Laura Berglund



Grandpa came home from World War II with a Hitler moustache. Grandma made him shave before coming inside. Jet skis on the lake are too loud. Four wheelers in the woods are too loud. They scare the horses. Mom’s picture books became mine. Her favorite was The Horse that Lived Upstairs, because of the illustrations. I felt the same way about Beatrix Potter. Mice in a dollhouse trying to eat pretend food. There’s a horse’s grave on top of the hill. Everyone says PEE-en-ee, We say pee-OWN-ee. We have a peony plant, used to belong to Great Grandma. I bake Danish pastries with Grandma. It’s a dessert, but the sugar comes last. And there isn’t much. The top is an exposed custard wound. Refrigerate so it doesn’t go bad. Mosquitoes bounce off car windows. An Iowan fly explodes on the windshield. We feel it make contact. Great Grandma Ella served pears and cottage cheese. No rice. That’s for poor people. But we Depression Babies ate a lot of Jell-O. Guests thought it was jam, spread it on toast. My aunt was born while Grandpa was in the Navy. Grandma lived with her parents until he came home. Everyone thought she was an unwed mother, hiding out. Salamanders and rocks. Robins live under the deck in the summer. Covered in fleas, heads hang out of the nest. Mouths open. Mom fed them water with an eyedropper. La-sag-nah. Great Grandma Ella found frozen lasagna at the grocery store, I didn’t think Ollie would like it. Man appears in the barn, asks mom about a wounded deer. She hadn’t seen it, he didn’t believe her, checked every stall. Mom’s eyes tracked him, terrified of the gun he carried. Grandpa asked mom why she has stupid, big ugly toes. Mom jokes Honeysuckle berries are diarrhea berries. Our suburb is the greenest suburb. Great Grandma used rhubarb leaves for umbrellas. I know every room in my grandparents’ house. Sold 11 years ago. Old man, stranger, knows that mother, unwed, had a baby. Carries a high chair down the dirt road. Grandpa wrote an autobiography, dictated, my aunt wrote. There is a picture of him on the cover, a field with a house at the edge, a baby in a wash basin. Big head is obvious. It’s him. My aunt tried to buy him a hat in France 80 years later. The store clerk laughed. Non. No one has a head that big. My great aunt is quoted under the photo. Uff, what a kid. Ladybugs aren’t scary when grandma pinches their heads off. Grandma and her friends would walk to church choir rehearsals. They hitchhiked a lot, occasionally dropped in the wrong town. They walked to church because they liked it. If a car came by, we hid in the ditch to avoid saying no. His sisters kicked him, but he never kicked as hard.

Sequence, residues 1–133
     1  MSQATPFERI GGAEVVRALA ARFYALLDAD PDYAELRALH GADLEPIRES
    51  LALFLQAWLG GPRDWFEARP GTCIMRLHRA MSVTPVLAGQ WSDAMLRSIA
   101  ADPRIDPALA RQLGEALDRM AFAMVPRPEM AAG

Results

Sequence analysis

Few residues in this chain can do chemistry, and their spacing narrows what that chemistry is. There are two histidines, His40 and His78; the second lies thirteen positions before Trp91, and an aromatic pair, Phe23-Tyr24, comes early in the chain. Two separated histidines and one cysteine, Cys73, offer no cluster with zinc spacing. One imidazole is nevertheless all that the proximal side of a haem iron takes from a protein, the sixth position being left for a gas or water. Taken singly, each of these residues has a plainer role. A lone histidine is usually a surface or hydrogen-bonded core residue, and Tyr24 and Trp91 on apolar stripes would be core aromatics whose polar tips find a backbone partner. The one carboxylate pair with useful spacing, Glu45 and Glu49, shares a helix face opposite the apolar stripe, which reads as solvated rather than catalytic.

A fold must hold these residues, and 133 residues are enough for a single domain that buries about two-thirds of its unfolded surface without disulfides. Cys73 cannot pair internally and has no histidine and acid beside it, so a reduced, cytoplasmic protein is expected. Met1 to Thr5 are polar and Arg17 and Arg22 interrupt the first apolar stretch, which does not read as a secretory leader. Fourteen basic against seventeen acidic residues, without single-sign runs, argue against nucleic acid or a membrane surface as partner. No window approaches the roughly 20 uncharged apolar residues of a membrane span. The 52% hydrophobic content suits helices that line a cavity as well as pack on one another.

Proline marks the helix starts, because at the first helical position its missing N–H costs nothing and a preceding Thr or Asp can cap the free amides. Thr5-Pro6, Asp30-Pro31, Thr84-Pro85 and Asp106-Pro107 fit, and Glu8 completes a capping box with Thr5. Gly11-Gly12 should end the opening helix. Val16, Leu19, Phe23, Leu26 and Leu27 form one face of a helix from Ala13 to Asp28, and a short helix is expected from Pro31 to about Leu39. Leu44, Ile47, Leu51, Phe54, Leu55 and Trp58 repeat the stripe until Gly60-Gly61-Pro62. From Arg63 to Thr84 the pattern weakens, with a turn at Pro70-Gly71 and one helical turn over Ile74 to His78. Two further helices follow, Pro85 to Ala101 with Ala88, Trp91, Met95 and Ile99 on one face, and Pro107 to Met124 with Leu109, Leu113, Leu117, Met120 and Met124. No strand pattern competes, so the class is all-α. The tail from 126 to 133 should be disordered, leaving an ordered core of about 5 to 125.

Laura Berglund grew up in the suburbs of Saint Paul, Minnesota, where she enjoyed reading books under trees. She studies Creative Writing with Wang Ping and plays violin at Macalester College.

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